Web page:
Installation

There are many approaches to getting started with a React application. The first we’ll explore is a CDN, short for content delivery network. Many companies use CDNs to host files publicly for their consumers. Some of these files are libraries like React, since the bundled React library is just a react.js JavaScript file. To get started with React by using a CDN, find the <script> tag in your web page HTML that points to a CDN url.

You will need two libraries: react and react-dom.

Code Playground

<script crossorigin
        src="https://unpkg.com/react@16/umd/react.development.js"
></script>
<script crossorigin
        src="https://unpkg.com/react-dom@16/umd/react-dom.development.js"
></script>

You can also get React into your application by initializing it as node project. With a package.json file, you can install react and react-dom from the command line. However, the folder must be initialized as a npm project using npm init -y with a package.json file. You can install multiple node packages with npm:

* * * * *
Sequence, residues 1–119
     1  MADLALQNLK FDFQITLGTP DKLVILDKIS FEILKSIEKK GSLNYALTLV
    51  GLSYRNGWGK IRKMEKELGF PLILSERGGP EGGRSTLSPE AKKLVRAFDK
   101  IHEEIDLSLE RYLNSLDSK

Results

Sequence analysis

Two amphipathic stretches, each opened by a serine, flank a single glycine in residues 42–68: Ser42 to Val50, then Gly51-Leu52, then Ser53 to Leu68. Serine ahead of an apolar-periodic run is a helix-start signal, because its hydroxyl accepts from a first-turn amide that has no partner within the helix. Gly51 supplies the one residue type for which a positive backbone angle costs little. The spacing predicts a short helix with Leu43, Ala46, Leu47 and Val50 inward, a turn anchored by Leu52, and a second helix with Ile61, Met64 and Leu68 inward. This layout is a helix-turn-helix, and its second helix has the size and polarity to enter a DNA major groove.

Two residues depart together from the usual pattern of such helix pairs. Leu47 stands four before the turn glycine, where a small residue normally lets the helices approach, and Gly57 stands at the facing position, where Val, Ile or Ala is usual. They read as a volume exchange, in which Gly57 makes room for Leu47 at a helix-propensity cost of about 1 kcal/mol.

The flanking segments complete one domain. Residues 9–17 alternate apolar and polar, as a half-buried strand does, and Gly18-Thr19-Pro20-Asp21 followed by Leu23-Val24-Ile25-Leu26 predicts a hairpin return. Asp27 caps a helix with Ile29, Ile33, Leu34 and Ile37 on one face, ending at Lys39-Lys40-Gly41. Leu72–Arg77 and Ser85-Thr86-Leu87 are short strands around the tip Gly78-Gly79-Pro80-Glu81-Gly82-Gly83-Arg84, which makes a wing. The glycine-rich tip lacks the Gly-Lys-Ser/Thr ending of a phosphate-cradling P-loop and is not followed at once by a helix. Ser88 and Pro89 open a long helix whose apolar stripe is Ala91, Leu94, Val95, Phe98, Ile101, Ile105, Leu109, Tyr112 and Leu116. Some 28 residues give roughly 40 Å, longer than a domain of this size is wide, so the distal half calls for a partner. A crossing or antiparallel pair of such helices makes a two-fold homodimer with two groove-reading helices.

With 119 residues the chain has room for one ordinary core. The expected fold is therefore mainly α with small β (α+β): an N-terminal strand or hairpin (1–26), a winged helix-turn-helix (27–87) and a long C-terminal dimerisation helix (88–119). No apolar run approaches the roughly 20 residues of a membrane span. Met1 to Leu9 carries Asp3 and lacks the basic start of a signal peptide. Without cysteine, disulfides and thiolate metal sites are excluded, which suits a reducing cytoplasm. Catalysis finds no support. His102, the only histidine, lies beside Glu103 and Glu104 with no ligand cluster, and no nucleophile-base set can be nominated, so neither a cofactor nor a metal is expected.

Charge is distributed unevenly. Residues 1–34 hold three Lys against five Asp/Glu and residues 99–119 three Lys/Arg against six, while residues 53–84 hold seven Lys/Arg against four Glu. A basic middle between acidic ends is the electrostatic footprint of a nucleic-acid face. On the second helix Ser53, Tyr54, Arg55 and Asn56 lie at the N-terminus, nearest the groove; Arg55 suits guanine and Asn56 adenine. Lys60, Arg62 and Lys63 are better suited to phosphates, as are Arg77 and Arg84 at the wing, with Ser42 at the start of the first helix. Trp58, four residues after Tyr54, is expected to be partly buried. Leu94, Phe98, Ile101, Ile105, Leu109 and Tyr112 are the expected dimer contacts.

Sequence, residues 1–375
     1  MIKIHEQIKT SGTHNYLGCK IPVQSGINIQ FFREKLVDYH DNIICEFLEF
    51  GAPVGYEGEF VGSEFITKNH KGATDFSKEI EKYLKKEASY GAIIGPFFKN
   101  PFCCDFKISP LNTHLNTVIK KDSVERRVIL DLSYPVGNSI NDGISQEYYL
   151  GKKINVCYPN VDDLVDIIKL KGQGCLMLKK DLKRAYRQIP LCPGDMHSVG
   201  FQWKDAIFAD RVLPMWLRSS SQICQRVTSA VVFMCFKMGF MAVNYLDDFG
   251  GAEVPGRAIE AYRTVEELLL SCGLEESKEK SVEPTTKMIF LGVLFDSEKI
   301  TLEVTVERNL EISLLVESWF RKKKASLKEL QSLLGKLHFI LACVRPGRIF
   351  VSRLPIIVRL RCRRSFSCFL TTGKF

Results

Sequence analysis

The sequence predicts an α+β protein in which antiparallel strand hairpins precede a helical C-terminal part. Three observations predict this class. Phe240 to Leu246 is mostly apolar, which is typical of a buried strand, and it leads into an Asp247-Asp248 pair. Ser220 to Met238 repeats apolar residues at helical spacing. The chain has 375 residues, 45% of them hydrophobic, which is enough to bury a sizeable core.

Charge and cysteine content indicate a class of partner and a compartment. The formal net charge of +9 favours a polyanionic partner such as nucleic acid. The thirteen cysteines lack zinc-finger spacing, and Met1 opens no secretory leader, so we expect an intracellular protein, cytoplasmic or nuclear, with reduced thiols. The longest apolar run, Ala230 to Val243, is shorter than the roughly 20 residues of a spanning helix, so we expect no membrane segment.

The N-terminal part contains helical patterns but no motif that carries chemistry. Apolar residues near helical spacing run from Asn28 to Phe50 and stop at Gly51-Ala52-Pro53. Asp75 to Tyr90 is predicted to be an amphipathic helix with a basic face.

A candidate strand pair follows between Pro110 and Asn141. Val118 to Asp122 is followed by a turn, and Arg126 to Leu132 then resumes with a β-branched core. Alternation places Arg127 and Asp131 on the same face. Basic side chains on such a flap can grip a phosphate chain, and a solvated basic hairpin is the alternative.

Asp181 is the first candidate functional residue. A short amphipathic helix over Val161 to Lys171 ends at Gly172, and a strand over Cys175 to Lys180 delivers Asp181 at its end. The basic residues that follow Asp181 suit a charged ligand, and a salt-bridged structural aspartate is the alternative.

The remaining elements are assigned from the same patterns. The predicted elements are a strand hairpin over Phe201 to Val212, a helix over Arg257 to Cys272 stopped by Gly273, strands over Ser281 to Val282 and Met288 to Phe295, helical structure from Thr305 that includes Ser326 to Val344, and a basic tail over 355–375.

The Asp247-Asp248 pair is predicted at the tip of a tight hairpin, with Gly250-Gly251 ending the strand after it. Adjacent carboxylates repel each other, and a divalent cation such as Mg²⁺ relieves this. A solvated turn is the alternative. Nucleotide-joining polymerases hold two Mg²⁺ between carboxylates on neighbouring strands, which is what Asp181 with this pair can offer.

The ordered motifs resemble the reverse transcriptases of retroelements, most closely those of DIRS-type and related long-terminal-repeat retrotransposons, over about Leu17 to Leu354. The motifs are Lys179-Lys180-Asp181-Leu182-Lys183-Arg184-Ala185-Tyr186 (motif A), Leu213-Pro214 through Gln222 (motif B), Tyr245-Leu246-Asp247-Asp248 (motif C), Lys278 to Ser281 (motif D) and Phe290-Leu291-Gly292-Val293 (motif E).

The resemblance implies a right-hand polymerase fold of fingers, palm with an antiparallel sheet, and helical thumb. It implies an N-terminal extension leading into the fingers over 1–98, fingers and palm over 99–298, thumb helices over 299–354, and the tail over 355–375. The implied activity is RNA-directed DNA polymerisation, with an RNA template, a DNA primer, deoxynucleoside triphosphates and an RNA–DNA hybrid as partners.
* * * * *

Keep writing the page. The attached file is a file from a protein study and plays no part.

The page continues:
Command Line

npm install react react-dom

This approach is often used to add React to an existing application managed with npm. You may also have to deal with Babel to make your application aware of JSX (the React syntax) and JavaScript ES6. Babel transpiles your code–that is, it converts it to vanilla JavaScript–so most modern browsers can interpret JavaScript ES6 and JSX. Because of this difficult setup, Facebook introduced create-react-app as a zero-configuration React solution. The next section will show you how to setup your application using this bootstrapping tool.

Zero-Configuration Setup